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ASU anthropologist helps shape study of small-scale economies


October 29, 2009

How forms of wealth perpetuate economic inequality over generations is at the heart of a new study by 26 anthropologists, statisticians and economists, including an Arizona State University professor. Their research findings of wealth inheritance and inequality in small-scale societies appear in the Oct. 30 issue of the journal Science.

Led by evolutionary anthropologist Monique Borgerhoff Mulder and economist Sam Bowles, the transdisciplinary endeavor is part of the Santa Fe Institute’s ongoing Persistent Inequality Project of the Behavioral Sciences Program.

The results of the study look at a variety of populations in Africa, Asia, Europe and Latin America. Chief among the findings is that the means of a group’s livelihood influence wealth inheritance and inequality.

For example, in herding- and farming-based societies, the offspring of landholders and owners of livestock inherit materialistically, keeping the wealth in the family. In these groups, wealth inheritance and inequality are similar to the world’s most unbalanced economies.

On the other hand, societies of hunter-gatherers prize non-material wealth that includes strength, skills, intelligence and social connections – facets that are not necessarily inherited by offspring. These populations display modest wealth inheritance with inequality akin to the democratic economies of Scandinavia, the most egalitarian at present.

Institutions also play a large role. Sharing resources, including information, and level of personal property ownership are defining factors. The researchers note that while our current knowledge-based economy is similar to that of hunter-gatherers, ultimately societal norms and institutions will determine whether the economy becomes more equitable.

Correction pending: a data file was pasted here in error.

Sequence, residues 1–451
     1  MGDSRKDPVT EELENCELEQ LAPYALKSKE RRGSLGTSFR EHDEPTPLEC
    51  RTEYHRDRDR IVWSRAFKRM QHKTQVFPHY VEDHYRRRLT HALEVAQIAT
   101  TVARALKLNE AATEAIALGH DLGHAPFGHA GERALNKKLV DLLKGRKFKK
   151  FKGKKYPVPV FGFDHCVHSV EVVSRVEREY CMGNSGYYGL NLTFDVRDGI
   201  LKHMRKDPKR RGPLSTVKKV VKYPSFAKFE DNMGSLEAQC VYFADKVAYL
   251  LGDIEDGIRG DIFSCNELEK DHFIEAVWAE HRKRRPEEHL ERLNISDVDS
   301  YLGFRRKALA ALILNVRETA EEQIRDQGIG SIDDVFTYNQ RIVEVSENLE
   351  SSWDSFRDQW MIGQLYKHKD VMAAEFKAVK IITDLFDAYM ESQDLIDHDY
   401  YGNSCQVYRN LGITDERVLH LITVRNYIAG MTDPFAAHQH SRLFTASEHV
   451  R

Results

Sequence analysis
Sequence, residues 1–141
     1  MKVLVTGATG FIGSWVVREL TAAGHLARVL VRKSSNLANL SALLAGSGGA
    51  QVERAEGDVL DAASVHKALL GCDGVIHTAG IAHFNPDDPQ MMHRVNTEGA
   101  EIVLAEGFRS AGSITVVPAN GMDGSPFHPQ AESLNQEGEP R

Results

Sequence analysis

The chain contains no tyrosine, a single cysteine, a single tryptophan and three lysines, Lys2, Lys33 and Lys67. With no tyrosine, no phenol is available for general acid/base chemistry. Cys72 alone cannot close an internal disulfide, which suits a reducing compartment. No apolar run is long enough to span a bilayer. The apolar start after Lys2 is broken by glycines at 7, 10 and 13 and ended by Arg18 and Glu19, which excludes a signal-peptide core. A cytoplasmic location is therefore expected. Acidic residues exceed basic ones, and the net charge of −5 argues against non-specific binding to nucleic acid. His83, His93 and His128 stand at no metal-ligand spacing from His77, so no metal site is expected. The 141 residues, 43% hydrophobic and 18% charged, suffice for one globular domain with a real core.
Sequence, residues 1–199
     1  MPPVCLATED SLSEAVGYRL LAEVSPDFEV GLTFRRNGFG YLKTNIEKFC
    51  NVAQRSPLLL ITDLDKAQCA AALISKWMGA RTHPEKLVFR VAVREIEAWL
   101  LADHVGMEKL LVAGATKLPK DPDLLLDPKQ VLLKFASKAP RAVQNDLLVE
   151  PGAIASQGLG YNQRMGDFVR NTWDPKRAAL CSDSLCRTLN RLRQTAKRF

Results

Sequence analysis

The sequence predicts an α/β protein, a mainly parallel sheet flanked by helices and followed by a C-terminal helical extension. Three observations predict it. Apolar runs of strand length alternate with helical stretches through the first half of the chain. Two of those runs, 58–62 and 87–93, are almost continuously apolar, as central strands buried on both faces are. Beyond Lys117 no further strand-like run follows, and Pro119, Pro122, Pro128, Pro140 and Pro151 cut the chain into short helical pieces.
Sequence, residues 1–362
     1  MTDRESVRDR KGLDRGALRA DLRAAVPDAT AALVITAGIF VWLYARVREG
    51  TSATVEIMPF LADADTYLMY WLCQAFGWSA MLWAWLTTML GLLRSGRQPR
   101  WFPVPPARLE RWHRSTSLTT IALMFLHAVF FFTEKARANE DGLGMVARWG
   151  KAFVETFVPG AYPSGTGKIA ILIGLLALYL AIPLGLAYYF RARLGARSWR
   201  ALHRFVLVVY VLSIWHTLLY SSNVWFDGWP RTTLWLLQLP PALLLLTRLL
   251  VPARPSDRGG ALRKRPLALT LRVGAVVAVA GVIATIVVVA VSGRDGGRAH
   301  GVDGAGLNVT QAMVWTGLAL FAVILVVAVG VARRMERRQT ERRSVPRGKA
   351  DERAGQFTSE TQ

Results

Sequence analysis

Kim Hill, a physical anthropology professor in the ASU School of Human Evolution and Social Change in the College of Liberal Arts and Sciences, contributed the data and analyses on hunter-gatherers, as well as theoretical insights into the meaning of the patterns reported.

He says the research is aimed at a general explanation of wealth transmission that applies to all human societies across spans of time since the Pleistocene.

“Since a huge array of other human experiences are determined by different levels of wealth access, it is critical that we formulate a general understanding of the persistence of wealth differentials,” he says. “The research also ties transmission in human societies to a larger body of general theory about the importance of epigenetic transmission in determining phenotypes in all living organisms.

The coauthors gathered a huge comparative data set allowing 43 estimates of the scope of inheritance and wealth within families and the degree of wealth inequality in small-scale societies. The sweeping study is unusual not only because it applies economics to traditional societies but also because it brings extensive quantification to the typically qualitative field of sociocultural anthropology.